3

where *V*phan and *V*recon are the 3D signal intensity matrices of the original and reconstructed phantoms, respectively. The overline above a matrix indicates the average of all non-zero values in matrix. Eq. (3) indicates that the closer *Corr*3 is to 1, the more similar the reconstruction to the original phantom. As shown in Fig. 5(b), for all studied phantoms, the *Corr*3 values by DMCICT are around 0.9, noticeably higher than those by CICT (~ 0.8). Such observation quantitatively validates the accuracy of DMCICT. Compared to CICT, the DMCICT method is believed to possess the capability of quicker convergence and higher accuracy within limited iterations (i.e., 30 in this work, also an often-used number in practical tomography applications). However, it is necessary to clarify that such comparison does not negate the validity of CICT. Under sufficient number of iterations (e.g., 500 in our previous work [34]), the CICT reconstructions also achieved sufficient accuracy (i.e., *Corr*3 close to 0.9). Nevertheless, due to significantly enhanced calculation speed in contrast to CICT, the DMCICT method is managed to obtain precise reconstructions more effectively. Hence, the DMCICT is especially preferred when a dynamic target is reconstructed, usually involving hundreds or thousands of frames sequentially recorded.

To evaluate the robustness of DMCICT on practical reconstruction situations, its performance on different voxel sizes is investigated. Besides previously tested discretization (184 voxel × 184 voxel × 70 voxel, namely dim184), the measurement domain are respectively divided into: 92 voxel × 92 voxel × 35 voxel (dim92) and 276 voxel × 276 voxel× 105 voxel (dim276). Figure 6 compares the reconstruction time and accuracy of P3 by DMCICT and CICT under different voxel sizes. As shown in Fig. 6(a), the reconstruction calculation time is significantly reduced when DMCICT is used instead of CICT for all tested voxels sizes. Moreover, the proportion of calculation time saved by DMCICT rises as the voxel size becomes smaller (i.e., the nominal resolution increases). Specially, under dim276 (voxel size: 0.33 mm), the calculating time for DMCICT is reduced to nearly one third of that for CICT. Figure 6(b) shows the reconstruction accuracy of both methods maintains at approximately same level, though *Corr*3 gradually reduces with smaller voxel size. The method discrepancies in both computational cost and accuracy indicate that DMCICT would be more beneficial for practical tomographic reconstructions desired for higher spatial resolutions.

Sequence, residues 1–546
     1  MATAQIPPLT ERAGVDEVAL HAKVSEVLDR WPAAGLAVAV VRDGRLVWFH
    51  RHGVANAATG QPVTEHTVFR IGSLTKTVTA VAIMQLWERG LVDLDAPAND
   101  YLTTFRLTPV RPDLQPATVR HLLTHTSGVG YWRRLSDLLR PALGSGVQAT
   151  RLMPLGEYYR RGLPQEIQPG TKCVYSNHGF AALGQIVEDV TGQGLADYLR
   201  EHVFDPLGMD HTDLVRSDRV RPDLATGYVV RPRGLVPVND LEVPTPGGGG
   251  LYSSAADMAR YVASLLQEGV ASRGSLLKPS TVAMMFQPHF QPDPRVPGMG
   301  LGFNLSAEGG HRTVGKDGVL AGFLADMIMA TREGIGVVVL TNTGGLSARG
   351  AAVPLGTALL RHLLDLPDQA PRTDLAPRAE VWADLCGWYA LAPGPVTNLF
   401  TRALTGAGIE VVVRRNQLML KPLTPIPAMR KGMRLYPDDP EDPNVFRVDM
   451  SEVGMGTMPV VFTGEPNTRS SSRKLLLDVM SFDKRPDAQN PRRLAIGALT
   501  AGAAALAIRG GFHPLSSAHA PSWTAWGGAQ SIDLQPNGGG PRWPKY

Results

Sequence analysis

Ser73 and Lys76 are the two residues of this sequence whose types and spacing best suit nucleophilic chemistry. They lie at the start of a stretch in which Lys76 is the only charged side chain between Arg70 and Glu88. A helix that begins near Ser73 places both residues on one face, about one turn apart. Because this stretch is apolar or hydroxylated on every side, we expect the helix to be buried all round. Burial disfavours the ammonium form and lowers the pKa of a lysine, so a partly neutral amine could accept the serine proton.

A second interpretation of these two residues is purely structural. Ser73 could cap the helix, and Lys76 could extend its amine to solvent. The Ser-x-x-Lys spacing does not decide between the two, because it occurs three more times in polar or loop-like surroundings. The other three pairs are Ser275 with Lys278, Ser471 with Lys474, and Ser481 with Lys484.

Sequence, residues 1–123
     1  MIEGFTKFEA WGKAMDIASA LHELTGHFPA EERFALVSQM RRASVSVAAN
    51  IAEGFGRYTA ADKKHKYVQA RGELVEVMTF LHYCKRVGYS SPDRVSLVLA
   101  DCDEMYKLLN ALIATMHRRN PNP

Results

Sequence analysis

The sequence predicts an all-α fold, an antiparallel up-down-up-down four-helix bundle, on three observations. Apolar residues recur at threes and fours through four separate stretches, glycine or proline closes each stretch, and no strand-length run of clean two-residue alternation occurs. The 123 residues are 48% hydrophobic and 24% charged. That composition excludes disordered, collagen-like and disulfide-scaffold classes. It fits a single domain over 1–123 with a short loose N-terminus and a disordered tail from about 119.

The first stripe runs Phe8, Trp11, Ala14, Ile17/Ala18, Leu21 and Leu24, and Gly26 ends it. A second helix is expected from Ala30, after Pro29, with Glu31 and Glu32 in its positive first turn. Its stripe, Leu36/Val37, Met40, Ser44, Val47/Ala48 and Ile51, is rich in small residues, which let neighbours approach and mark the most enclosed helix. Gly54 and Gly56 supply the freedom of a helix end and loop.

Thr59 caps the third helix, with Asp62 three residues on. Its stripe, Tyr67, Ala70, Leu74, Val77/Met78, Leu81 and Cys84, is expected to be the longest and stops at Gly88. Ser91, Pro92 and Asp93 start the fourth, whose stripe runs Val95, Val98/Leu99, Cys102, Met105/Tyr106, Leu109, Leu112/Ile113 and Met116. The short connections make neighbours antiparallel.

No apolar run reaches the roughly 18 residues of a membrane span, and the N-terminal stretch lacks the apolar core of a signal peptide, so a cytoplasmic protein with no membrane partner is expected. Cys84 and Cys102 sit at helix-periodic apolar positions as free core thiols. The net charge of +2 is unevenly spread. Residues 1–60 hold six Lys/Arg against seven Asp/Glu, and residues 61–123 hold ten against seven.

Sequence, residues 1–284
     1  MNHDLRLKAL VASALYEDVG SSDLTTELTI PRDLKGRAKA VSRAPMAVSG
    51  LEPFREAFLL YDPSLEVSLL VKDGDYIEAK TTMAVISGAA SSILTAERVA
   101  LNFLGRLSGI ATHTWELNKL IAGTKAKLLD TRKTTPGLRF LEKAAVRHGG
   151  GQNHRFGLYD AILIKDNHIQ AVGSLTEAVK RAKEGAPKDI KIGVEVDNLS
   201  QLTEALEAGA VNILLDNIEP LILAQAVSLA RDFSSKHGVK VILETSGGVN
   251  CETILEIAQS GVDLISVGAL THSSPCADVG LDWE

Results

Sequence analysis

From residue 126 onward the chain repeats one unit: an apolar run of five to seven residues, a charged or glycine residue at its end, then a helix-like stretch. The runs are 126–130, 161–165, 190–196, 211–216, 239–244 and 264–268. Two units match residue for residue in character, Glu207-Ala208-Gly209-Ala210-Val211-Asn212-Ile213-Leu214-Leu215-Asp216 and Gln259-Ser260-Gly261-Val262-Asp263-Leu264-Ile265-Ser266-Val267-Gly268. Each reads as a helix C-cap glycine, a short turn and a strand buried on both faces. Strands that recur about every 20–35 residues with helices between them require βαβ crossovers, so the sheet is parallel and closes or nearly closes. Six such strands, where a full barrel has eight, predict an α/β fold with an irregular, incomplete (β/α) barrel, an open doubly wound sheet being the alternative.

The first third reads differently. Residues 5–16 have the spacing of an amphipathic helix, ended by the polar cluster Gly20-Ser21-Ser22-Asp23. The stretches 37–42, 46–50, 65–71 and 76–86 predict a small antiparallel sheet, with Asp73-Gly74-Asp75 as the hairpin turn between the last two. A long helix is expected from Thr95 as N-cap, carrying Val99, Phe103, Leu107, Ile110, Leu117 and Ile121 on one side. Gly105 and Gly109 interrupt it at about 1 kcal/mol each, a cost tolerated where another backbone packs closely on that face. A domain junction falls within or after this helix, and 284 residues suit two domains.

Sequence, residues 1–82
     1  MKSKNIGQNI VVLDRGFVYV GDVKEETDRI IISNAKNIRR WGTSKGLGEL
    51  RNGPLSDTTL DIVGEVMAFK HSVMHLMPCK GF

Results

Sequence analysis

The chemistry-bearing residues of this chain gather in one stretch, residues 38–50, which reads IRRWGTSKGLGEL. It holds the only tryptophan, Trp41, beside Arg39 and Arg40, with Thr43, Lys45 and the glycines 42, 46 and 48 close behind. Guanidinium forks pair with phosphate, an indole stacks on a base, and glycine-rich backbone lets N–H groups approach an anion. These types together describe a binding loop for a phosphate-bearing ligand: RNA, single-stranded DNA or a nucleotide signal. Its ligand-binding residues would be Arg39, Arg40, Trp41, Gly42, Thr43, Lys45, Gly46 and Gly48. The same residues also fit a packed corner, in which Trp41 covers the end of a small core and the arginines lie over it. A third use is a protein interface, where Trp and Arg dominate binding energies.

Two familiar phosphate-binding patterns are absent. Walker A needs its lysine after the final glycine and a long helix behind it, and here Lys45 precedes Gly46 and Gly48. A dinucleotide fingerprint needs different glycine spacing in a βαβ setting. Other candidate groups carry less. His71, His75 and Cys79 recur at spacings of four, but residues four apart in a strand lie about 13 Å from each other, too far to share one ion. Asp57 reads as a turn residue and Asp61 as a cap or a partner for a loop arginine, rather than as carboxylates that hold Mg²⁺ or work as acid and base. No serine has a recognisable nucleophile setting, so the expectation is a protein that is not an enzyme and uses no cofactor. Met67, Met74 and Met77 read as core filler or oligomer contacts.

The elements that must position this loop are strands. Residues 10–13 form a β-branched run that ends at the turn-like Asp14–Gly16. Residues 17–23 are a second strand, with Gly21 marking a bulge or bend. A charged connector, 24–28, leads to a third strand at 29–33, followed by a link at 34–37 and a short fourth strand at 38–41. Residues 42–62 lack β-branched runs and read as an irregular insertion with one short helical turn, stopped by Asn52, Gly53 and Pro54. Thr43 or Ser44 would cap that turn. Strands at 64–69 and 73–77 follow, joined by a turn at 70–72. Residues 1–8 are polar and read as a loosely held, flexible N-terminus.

Figure 7 further evaluates the capacity of DMCICT in withstanding imaging noise. As stated in the simulation setup, the imaging noise is represented by the Gaussian noise and the angle error, set as 1% and 0.1° in previous calculation. Hence, Fig. 7(a) compares the DMCICT reconstructions of all phantoms with Gaussian noise *E*gaussian = 1%, 2% and 3% (angle error *E*angle = 0.1°), while Fig. 8(b) compares the reconstructions with *E*angle = 0.1°, 0.2° and 0.3° (*E*gaussian = 1%). As can be observed in Fig. 8, neither Gaussian noise nor angle error has prominent impact on the reconstruction by DMCICT. Specifically, the value of *Corr*3 maintains above 0.8 under most cases, indicating that the DMCICT method possesses reliable tolerance on imaging noise. The only exception may be the deteriorated reconstruction of P2 with *E*gaussian = 3%. This is possibly due to relatively lower signal-to-noise ratio of P2, since P2 is generated from a practical flame reconstruction while others are consisted of basic geometric shapes.